The Mojo V1 is perhaps one of the most durable and future-proofed portable audio products to hit the market in the last 5-6 years and is still going strong today.
As outlined in detail on page one, you are getting a plethora of upgrades here both headline and more subtle. That includes an increase in the FIR tap capability of the in-house DAC from 38,912 to 40,960, the all-new UHD DSP suite, crossfeed filters, and menu system, as well as the addition of a more modern USB-C port for data transfer and OTG.
What has been retained is the micro-USB charging and data ports, primarily for compatibility with the Poly, as well as the coaxial and SPDIF inputs to the rear and the dual SE 3.5mm outputs to the front.
Decoding is unchanged, interestingly enough though the original was incredibly future-proofed, to begin with. Both are capable of up to PCM 32BIT/768kHz and DSD256. M Scaler owners can upsample the Mojo 2 and the original Mojo to 768kHz also.
Output power seems unchanged also at 600mW into 30Ω single-ended down to 90mW into 300Ω, (35mW into 600Ω), with similar dynamic range performances of 125dB each. However, the original’s 3.1v line-level mode has been removed on the Mojo 2.
Battery management has been upgraded on the new Mojo 2 with that FPGA-controlled battery management system. You get a cooler faster charge and slightly improved battery life though both are officially rated at 8 hours each.
Not a huge number of changes physically aside from the new 4 button control system and the additional USB-C port to the rear. Both are robust, compact, and beautifully finished CNC machined aluminum bodies with smooth cornering. They are also both fairly light with only a 5g difference in weight at 180g for the old and 185g for the Mojo 2.
Nuanced changes include the smaller recessed oval shape on the left panel for the Chord branding and the lighter white print for the labeling. The method behind adding the new USB-C is a bit awkward looking on the new Mojo 2 with its plastic insert counting as one of the 4 feet. Never feels quite as balanced design-wise as the original.
The orb control system is more complex on the Mojo 2 with that new menu system but after a few goes, it is not as difficult as I anticipated it to be. You do get a more immersive experience and a lot more options than with the original in terms of built-in sound shaping features.
The original Mojo is warmer and perhaps less precise, especially in the treble and upper mids percussion. It delivers what I would call an easy-going tuning but with some good bass body so music can often sound weightier and more voluminous on the low-end.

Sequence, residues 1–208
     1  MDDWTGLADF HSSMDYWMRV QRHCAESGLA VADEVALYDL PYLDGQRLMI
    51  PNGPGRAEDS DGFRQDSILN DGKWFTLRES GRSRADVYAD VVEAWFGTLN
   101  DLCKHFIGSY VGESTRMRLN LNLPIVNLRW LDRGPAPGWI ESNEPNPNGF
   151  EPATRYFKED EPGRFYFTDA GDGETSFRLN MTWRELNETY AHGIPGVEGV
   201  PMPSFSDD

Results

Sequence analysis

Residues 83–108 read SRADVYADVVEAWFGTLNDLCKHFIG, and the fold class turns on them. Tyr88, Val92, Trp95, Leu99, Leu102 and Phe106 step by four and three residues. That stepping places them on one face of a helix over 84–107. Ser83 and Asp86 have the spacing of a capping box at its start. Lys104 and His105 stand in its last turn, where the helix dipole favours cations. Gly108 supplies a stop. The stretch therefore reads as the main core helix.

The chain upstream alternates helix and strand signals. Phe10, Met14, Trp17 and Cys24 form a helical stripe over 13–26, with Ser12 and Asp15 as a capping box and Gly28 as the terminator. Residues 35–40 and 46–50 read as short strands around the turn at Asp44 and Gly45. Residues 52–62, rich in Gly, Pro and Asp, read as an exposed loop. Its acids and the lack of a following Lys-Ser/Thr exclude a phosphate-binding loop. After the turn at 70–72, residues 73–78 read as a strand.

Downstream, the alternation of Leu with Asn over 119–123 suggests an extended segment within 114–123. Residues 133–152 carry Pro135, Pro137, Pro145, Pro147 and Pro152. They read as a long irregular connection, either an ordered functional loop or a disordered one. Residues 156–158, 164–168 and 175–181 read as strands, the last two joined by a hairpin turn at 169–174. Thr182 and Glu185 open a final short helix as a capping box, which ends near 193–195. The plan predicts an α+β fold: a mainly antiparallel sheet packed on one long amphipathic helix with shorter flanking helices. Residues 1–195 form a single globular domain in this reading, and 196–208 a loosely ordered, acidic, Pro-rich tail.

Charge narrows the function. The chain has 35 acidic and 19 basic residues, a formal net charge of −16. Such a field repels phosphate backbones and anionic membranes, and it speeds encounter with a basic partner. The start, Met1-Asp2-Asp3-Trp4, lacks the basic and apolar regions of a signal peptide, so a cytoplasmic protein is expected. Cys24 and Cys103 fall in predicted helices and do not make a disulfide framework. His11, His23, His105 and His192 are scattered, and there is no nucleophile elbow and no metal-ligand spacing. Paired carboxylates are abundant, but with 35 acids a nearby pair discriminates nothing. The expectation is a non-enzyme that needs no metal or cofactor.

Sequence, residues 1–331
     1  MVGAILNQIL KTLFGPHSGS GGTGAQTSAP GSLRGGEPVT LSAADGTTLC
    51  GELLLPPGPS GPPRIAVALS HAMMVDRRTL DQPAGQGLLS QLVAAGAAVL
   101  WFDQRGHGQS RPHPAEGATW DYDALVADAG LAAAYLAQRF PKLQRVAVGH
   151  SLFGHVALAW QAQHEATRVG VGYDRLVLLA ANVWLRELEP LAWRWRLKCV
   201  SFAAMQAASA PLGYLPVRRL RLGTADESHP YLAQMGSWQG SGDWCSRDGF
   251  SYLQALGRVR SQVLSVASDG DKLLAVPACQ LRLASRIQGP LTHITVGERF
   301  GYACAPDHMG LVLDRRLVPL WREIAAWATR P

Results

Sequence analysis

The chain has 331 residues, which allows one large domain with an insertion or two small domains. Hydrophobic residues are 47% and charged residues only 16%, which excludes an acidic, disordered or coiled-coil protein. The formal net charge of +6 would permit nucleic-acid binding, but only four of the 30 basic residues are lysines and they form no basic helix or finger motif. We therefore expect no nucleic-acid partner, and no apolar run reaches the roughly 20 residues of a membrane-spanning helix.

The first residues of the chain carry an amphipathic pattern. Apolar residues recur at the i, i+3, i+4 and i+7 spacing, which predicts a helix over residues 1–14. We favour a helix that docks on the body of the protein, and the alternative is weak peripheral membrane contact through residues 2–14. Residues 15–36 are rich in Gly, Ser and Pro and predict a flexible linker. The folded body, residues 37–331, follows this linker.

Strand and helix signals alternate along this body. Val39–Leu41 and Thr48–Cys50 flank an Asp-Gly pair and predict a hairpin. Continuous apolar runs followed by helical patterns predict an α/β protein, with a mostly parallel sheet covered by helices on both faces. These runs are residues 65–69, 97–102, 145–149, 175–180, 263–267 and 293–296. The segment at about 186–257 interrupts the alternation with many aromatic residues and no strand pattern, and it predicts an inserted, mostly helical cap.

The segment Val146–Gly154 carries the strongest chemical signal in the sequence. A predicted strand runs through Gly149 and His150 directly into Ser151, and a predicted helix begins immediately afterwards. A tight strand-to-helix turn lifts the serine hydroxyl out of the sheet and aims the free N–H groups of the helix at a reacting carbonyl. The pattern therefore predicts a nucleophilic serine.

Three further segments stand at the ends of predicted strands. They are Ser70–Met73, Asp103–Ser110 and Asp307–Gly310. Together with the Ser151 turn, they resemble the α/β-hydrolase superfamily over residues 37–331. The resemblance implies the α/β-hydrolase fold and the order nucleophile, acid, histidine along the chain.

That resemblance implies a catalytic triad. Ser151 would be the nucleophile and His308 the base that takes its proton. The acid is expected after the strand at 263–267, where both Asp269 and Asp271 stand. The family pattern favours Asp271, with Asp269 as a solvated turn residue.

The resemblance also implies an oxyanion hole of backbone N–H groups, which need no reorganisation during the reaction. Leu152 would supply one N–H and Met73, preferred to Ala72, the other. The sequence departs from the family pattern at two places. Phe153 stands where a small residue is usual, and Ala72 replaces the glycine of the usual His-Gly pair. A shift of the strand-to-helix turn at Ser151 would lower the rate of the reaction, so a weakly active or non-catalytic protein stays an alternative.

By comparison, the Mojo 2 has a more neutral stock sound quality that delivers a slightly cleaner midrange and treble timbre on our tested Andromeda 2020.
There is also a bit more ‘drive’ on the low-end though not quite the same warmth. Still quite a natural sound for me and not cold at all but rather a more accurate life-like tone. The dynamism from the low-end has also been given a lift. You can sense the Mojo 2 has a better PRaT or an improved sense of timing with increased energy across the range.
The Mojo 1 sounds the more languid of the two in terms of timing with a slightly slower transient response performance from our tested monitors. Vocals are just slightly further forward and more euphonic on the original but not quite as clean and precise.
That feeds into lower pitching instruments that come to the fore with ‘improved ‘character’ as I call it from the Mojo 2. Bass guitar plucks have better definition throughout the note whereas the Mojo 1 sounds a little more one-dimensional in its shaping.
The Mojo 2’s better control and more neutral coloration also improve the staging in terms of imaging accuracy and instrumental separation. You can detect a bit more air and space in the mids and an improved treble presence to go along with it.
iFi Audio xDSD
An amp/DAC from 2018 that is still going strong also in 2022 and though the new Gryphon version has stolen its thunder a bit it does seem iFi Audio is not discontinuing the xDSD for now. Sadly, the Gryphon version is being reviewed by Louis so I am unable to compare the Mojo 2 to it.
Inside, the xDSD uses a Burr-Brown PCM1793 Multibit hybrid DAC as opposed to the Mojo 2’s in-house developed FPGA-based DAC. The PCM1793 is fairly long in the tooth but has been a staple in iFi Audio products for years. They are still using a Burr-Brown in the recently launched Gryphon version of the xDSD so clearly a love affair for iFi.
In terms of decoding both devices are still quite strong in this department and in fact, the xDSD is higher on paper up to PCM 32BIT/768kHz and DSD512 whereas the Mojo 2 is as good for PCM but stops short at DSD256.